He then said that American lawmakers deserve blame for simply offering their “thoughts and prayers” after every school massacre without taking any action.
“The fact that this is the eighteenth school shooting, and this is only February, is a testament to how far this country has come,” he said. “We need to dig out of this hole… There’s something seriously wrong here. And some of our policymakers, they need to look in the mirror and take some action. Because ideas are great, but without action, ideas stay ideas and children die.”
Similarly, teacher Melissa Falkowski – who miraculously was able to hide 19 students during the school massacre – echoed Hogg’s views on lawmakers’ reluctance to act.
“I’ve seen this on TV, we all have,” Falkowski said. “This shooting after shooting and there’s always the same thing is said, ‘It’s not the time to talk about gun control, it’s not the time. It’s time to pray for the families.’”
“And I just think that hasn’t gotten us anywhere,” she continued, choking up. “I mean, here we are and we’re like the latest statistic on school violence. And as a society, as Americans, we’re failing our children. And we’re not keeping them safe. And Congress is failing us and the government is failing us.”
Falkowski concluded: “Something has to be done.”
But as Golden State Warriors coach Steve Kerr pointed out, “nothing has been done.”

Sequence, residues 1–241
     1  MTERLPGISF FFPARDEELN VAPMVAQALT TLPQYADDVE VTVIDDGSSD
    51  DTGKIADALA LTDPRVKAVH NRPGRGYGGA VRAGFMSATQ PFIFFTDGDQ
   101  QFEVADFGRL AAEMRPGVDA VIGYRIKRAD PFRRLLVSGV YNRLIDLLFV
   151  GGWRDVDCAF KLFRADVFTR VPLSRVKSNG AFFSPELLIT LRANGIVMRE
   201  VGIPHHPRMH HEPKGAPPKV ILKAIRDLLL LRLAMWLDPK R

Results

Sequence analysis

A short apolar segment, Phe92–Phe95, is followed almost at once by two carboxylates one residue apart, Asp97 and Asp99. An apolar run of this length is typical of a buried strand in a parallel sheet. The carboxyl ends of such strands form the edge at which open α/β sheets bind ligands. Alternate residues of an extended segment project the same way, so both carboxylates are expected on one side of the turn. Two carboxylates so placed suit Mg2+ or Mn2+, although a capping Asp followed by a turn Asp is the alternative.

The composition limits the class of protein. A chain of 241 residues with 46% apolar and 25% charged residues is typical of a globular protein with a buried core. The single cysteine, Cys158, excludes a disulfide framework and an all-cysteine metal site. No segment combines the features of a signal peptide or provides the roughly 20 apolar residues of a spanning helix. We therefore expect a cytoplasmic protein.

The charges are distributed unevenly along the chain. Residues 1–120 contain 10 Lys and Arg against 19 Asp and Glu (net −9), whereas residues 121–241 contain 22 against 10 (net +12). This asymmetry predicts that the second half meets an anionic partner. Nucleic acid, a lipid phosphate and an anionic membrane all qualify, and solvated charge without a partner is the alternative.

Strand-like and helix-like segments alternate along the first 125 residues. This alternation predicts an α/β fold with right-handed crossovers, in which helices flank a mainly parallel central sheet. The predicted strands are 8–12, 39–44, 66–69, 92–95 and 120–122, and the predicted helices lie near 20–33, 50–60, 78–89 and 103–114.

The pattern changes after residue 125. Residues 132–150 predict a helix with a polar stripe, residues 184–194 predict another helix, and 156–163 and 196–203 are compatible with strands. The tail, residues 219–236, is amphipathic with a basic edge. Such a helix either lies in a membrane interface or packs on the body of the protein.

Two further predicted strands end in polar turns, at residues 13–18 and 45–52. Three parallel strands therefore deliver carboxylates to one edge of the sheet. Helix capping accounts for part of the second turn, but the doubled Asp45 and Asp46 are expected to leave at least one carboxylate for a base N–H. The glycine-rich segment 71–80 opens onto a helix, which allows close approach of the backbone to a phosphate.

“It doesn’t seem to matter our government that children are being shot to death day after day in schools,” he said about the Parkland massacre. “It doesn’t matter that people are being shot at a concert, at a movie theater. It’s not enough, apparently, to move our leadership, our government, the people running our country, to actually do anything.”
“That’s demoralizing,” he continued. “But we can do something about it. We can vote people in who actually have the courage to protect people’s lives, and not just bow down to the NRA because they have financed their campaign for them. So hopefully we’ll find enough people, first of all to vote good people in, but hopefully we can find enough people with courage to actually help our citizens feel safe and focus on the real safety issues. Not building some stupid wall for billions of dollars that has nothing to do with our safety, but actually protecting us from what truly is dangerous, which is maniacs with semi-automatic weapons just slaughtering our children. It’s disgusting.”
Sadly, what will undoubtedly transpire over the coming weeks and months will offer no relief to the victims and their families, nor will it give solace to the young survivors who will live with this event and others like it replaying in the recesses of their minds for the rest of their lives. All the “thoughts and prayers” will not give peace of mind to the countless families across the country who will continue to fear the worst each and every day that their government does nothing to protect them, their kids, their futures.
As we see these stories, read these words, feel these tears, we are perpetually reminded that the funeral services for students, teachers, loved ones – again and again – are the real testament to the gun lobby’s view of what a “free America” really looks like.Click here for reuse options!